I found this interesting. It is science and technology journalist Micheal Specter at TED where he is blasting “science denial”:
I may be wrong, but I suspect that Specter’s political and perhaps, economic, views, are to the left of my own. That’s ok – he has a scientific-empirical-rational epistemology, which means there’s an intellectual common ground where debates can actually be resolved or final conclusions arrived at that can be recognized as sensible, even if disagreement based on value choices remained.
More and more, I run across people on the Left and Right using magical, tribalistic, emotionally atavistic or other variations of irrational thinking to justify their positions. Worse, this intellectual equivalent of grunting tends to be coupled with a churlishly defiant refusal to honestly consider the costs (monetary or opportunity) involved or the logical, and still less, the unintended, consequences. Am I just getting old, or is this social phenomena getting rapidly worse?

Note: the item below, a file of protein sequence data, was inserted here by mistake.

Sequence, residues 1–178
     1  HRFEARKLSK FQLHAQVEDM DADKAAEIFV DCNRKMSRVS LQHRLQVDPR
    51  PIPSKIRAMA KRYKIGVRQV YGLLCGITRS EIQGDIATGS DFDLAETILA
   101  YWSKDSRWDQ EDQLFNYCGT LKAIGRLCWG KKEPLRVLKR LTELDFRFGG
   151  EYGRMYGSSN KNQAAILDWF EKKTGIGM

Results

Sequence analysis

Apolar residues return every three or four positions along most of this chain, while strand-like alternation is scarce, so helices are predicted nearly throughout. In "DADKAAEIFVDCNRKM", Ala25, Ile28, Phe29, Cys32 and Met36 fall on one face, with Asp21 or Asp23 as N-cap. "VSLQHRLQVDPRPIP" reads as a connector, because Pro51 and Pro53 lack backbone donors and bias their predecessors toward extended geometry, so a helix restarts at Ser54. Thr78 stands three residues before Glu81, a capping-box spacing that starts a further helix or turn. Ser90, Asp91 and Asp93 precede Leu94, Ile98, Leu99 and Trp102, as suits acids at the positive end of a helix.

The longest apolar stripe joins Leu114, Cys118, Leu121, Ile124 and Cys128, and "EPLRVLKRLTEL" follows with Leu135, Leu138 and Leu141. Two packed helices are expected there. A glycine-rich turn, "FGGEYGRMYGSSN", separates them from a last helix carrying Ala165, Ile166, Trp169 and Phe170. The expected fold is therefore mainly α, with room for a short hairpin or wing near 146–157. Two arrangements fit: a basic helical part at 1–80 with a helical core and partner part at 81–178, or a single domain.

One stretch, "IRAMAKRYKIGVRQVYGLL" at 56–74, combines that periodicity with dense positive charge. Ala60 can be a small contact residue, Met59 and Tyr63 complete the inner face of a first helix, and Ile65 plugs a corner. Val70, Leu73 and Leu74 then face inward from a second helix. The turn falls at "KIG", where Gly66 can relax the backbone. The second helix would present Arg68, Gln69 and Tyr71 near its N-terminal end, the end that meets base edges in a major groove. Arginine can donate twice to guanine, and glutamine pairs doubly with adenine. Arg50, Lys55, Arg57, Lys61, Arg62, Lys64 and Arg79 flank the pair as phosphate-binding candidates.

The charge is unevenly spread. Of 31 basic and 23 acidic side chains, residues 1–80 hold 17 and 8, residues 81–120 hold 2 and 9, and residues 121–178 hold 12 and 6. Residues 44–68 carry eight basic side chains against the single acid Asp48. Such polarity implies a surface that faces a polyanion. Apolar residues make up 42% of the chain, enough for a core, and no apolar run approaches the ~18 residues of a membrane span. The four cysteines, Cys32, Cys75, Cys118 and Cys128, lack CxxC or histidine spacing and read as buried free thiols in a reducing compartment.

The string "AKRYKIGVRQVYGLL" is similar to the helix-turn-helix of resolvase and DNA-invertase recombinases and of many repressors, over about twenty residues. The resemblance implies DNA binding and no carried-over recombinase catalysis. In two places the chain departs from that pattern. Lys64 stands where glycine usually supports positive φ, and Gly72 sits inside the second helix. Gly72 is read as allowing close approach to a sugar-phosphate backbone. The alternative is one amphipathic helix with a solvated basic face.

Ignorance is nothing to be ashamed of because we are all, in varying degrees, ignorant about many things. The important choice as individuals and as a society is adopting an epistemology of rational-scientific-empiricism that, if steadily applied, allows us to chip away at our ignorance and become aware of our errors and solve problems. On the other hand, adopting a posture of belligerent, stubborn, defense of our own ignorance by evading facts, logic and the conclusions drawn from the evidence of experience is the road to certain disaster.
Our epistemic worldview matters.